Knowledge of Alzheimer's Disease Among Family CaregiversElaine Eshbaugh1* and Lauren Stratton2
- *Corresponding Author:
- Elaine Eshbaugh
Associate Professor, Department of Gerontology
University of Northern Iowa, United States
E-mail: [email protected]
Received date: November 02, 2016; Accepted date: November 23, 2016; Published date: November 30, 2016
Citation: Eshbaugh EE, Stratton L (2016) Knowledge of Alzheimer's Disease Among Family Caregivers. J Comm Pub Health Nurs 2:143. doi:10.4172/2471-9846.1000143
Copyright: © 2016 Eshbaugh E, et al. This is an open-access article distributed under the terms of the Creative Commons Attribution License, which permits unrestricted use, distribution, and reproduction in any medium, provided the original author and source are credited.
Objective: Although the majority of care for those with Alzheimer’s is provided by informal rather than formal caregivers, family caregivers may lack knowledge about the disease. We sought to better understand the level and predictors of knowledge among family caregivers.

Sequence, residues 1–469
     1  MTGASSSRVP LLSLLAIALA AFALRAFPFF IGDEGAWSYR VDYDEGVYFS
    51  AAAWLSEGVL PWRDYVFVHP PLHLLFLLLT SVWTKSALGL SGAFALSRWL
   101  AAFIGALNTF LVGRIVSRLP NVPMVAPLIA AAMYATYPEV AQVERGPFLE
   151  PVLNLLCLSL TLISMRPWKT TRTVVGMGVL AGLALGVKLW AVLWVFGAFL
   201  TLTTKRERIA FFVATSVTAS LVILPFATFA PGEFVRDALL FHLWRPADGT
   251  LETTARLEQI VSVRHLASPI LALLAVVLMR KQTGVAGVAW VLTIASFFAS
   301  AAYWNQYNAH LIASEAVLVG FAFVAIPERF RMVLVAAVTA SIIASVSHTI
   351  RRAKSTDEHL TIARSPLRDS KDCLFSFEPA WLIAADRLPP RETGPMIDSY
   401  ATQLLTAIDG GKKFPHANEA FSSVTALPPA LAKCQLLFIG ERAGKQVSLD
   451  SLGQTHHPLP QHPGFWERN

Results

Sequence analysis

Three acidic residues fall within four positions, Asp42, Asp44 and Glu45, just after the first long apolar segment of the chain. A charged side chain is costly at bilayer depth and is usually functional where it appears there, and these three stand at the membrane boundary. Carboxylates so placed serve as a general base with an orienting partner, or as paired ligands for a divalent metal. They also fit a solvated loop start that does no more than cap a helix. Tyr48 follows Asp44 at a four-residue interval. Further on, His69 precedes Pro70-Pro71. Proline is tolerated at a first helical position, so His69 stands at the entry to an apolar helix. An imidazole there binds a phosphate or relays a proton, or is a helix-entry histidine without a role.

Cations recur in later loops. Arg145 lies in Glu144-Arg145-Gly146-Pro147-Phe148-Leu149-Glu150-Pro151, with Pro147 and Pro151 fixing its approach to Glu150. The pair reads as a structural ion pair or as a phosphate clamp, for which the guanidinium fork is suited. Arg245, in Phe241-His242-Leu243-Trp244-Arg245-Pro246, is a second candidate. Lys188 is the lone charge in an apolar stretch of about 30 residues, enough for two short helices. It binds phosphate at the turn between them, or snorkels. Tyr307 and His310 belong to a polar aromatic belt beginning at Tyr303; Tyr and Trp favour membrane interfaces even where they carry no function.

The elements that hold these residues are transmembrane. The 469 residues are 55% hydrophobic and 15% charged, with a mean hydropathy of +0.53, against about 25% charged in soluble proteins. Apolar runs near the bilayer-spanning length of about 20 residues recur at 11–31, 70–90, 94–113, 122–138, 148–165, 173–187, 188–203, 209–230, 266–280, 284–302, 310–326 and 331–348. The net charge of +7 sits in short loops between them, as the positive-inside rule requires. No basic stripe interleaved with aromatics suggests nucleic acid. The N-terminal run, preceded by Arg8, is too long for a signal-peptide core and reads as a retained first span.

Design: Several Alzheimer’s area support group facilitators were asked to forward a survey to their support groups via electronic mail. An email that accompanied the survey invited participants to forward the survey to others who had family members affected by Alzheimer’s disease. One-hundred forty-two total participants completed the survey.
Measurements: This study examined the level of knowledge 142 family members had about the disease using the Alzheimer’s Disease Knowledge Scale (ADKS).
Results: Scores on the ADKS were positively correlated with self-reported knowledge of Alzheimer’s, and family members with higher levels of education were more likely to be knowledgeable about the disease.
Conclusion: Our research suggests that years of education is a predictor of Alzheimer’s knowledge among caregivers. It appears that family members, particularly those with lower levels of education, have a need for more knowledge about Alzheimer’s.